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Famous books that are easy to get into.
September 24, 2010 6:03 PM   Subscribe

What are some famous and/or culturally influential books that are not hard to dive into?

I'd like to start reading more.

I'm a 23 year old male.

I'm most interested in reading some of the famous books from the 20th century that are easy to dive into.

Some things I might try: Catcher in the Rye sounds interesting, 1984 looks intriguing, Fahrenheit 451 seems powerful, and the movies based on Philip K. Dick's stories (Minority Report, Blade Runner, Total Recall) are awesome.

If you're coming up with too many books to count, just tell me about three books that had a big impact on you.
posted by mtphoto to Media & Arts (51 answers total) 72 users marked this as a favorite
 
Catch-22
The Crying of Lot 49
A Canticle for Leibowitz
posted by jingzuo at 6:08 PM on September 24, 2010 [1 favorite]


The novel that Blade Runner is based on is actually called "Do androids dream of electric sheep?" and yeah, that's a really good read.

As for a few other easy titles, I'd suggest Animal Farm by George Orwell, or The Day of the Triffids by John Wyndham.
posted by sarastro at 6:10 PM on September 24, 2010


Cat's Cradle
Slaughterhouse 5
All Quiet on the Western Front
Magister Ludi
Nicholas and Alexandra
Common Ground

posted by jgirl at 6:12 PM on September 24, 2010 [1 favorite]


Seconding Catch 22. I just finished rereading it for probably the tenth time and it's never gotten old.

Also I've found Kurt Vonnegut's novels exceedingly good and easy to get into-- if you've read his, I think you'd enjoy Catch 22 a lot.
posted by actionpact at 6:13 PM on September 24, 2010


The Grapes of Wrath
Catch-22 (again)
The Quiet American
posted by tracicle at 6:17 PM on September 24, 2010 [1 favorite]


My two go-to recommendations for exactly this sort of thing:

Joseph Conrad, Heart of Darkness (short, brilliant novella -- a story-within-a-story about the colonization of Africa; it was also the basis for the movie Apocalypse Now)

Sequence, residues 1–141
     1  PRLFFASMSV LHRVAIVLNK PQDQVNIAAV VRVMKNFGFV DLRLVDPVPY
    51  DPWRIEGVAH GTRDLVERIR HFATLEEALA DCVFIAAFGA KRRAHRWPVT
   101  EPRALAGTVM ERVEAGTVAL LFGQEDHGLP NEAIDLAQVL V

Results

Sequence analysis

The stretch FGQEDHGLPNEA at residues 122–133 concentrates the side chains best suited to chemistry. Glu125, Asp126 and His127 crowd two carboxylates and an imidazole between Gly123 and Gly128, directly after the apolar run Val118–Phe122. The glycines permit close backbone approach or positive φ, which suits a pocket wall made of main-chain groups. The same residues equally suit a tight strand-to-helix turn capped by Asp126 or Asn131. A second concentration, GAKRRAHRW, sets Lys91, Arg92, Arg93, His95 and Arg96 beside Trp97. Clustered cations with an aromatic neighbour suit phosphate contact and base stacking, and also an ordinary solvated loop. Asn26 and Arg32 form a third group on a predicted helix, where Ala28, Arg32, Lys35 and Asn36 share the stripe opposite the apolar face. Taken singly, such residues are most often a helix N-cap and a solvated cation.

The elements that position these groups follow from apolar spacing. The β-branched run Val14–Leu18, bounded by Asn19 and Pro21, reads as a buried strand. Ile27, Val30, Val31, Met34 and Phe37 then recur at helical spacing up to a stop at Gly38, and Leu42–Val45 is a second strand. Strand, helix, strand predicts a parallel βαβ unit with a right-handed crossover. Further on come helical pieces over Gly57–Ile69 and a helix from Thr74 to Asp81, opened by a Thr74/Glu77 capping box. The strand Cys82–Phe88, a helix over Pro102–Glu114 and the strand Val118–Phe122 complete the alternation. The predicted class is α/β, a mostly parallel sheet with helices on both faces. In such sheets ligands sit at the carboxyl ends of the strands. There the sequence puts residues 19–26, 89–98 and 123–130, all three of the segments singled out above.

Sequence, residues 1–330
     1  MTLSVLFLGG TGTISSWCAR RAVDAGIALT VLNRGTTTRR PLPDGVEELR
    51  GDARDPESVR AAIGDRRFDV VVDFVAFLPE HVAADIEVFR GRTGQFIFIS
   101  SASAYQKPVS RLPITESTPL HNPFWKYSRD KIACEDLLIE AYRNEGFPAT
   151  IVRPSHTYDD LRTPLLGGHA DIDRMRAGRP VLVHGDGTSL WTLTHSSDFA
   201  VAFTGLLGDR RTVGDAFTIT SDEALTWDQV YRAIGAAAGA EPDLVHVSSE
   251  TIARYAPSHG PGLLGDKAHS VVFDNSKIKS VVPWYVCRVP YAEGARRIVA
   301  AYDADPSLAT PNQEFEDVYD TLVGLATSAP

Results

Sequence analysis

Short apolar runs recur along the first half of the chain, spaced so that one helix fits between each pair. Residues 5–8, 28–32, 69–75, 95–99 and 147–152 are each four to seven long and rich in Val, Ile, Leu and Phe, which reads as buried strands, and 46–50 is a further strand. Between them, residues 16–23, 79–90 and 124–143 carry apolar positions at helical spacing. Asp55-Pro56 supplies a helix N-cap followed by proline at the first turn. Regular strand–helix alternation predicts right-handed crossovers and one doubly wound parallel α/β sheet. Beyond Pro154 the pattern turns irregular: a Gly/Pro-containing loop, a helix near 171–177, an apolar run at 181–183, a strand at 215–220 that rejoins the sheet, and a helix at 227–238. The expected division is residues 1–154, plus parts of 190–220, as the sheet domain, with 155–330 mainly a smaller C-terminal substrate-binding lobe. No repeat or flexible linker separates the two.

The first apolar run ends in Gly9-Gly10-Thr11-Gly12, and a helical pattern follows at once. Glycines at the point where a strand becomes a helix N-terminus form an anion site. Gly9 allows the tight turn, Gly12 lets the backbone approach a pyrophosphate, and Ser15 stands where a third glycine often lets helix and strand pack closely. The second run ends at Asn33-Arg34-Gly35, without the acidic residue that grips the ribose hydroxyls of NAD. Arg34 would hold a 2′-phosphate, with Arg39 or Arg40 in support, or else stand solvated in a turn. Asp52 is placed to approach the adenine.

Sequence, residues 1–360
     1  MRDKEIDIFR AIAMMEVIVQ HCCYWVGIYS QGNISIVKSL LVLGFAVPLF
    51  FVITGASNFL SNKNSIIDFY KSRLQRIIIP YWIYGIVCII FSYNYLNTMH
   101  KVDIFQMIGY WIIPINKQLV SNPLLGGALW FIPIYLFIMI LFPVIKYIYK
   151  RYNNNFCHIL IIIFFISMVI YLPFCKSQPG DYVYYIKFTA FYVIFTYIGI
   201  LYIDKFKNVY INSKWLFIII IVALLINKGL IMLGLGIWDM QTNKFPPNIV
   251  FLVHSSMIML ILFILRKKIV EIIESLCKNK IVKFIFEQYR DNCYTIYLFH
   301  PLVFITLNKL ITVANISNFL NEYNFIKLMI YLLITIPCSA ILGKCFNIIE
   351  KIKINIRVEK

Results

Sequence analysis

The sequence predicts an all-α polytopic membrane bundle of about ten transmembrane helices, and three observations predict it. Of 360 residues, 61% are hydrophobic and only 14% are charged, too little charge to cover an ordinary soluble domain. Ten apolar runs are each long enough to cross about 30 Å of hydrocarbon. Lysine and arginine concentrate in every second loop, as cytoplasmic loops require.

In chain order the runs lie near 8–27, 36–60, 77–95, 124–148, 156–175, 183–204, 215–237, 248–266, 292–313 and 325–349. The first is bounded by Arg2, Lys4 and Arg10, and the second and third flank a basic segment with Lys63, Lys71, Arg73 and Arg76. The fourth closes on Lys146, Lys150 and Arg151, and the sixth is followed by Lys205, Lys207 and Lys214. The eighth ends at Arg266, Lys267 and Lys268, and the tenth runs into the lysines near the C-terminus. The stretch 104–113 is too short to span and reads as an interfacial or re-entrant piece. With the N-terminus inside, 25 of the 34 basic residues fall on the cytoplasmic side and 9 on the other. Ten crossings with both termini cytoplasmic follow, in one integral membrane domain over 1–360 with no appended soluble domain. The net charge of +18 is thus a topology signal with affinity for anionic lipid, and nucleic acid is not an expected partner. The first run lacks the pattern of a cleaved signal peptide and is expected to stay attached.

James Joyce, Dubliners (these are his short stories, written before he began his experiments in style -- very readable, if subtle, but do not be put off by his reputation as impossible to read)
posted by scody at 6:22 PM on September 24, 2010 [2 favorites]


Definitely try 1984 and Fahrenheit 451. Since you're 23, Catcher in the Rye might seem immature to you, but Franny and Zooey could be right up your alley. Also, Vonnegut is eminently readable.

This seems a little strange, but you should pick up a recent translation of The Epic of Gilgamesh, especially the one by Danny P. Jackson. It reads astoundingly like a modern story and, as the first "quest story" we know of, it was definitely culturally influential. I finished it in like an hour and a half.
posted by wayland at 6:25 PM on September 24, 2010


Brave New World
Rebecca
....will probably be back to name more later
posted by adrianna aria at 6:36 PM on September 24, 2010 [1 favorite]


You mentioned Philip K. Dick, so I'll suggest The Man In the High Castle. It's about an alternative world where the Nazis won... But it's actually better than it sounds. It's the novel that made him famous, iirc. (I also recently read Do Androids Dream of Electric Sheep?, which I believe is more famous, but it was a bit more difficult to follow.)
posted by meese at 6:40 PM on September 24, 2010 [1 favorite]


To Kill a Mockingbird.
posted by rtha at 6:42 PM on September 24, 2010 [4 favorites]


Honestly, it sounds like you've missed out on a lot of the great literature that is usually covered in high school English class (in the US, at least). So I would seek out reading lists for high school English classes and go from there. It's rare for a typical high school to jump into books that are particularly hard (e.g. a lot of high schoolers read Dubliners, very few read Ulysses).
posted by telegraph at 6:46 PM on September 24, 2010 [2 favorites]


Yesssss Vonnegut! I felt exactly like you did when I was your age (a whole 5 years ago) and I found Vonnegut to be very accessible as well as entertaining. I recommend starting with Cat's Cradle, and if you like that, read Slaughterhouse-Five. After that, take your pick. The library will probably have a few others.

Also, 1984. Honestly, I kind of hated Brave New World, but maybe I'm in the minority on that one. I liked 1984, though. As for Catcher in the Rye, while I could appreciate it when I read it last year, I think I would've liked it more if I'd first read it as a teenager. But I did enjoy reading both that and Franny & Zooey. Shamefully, I didn't read either book until after JD Salinger died.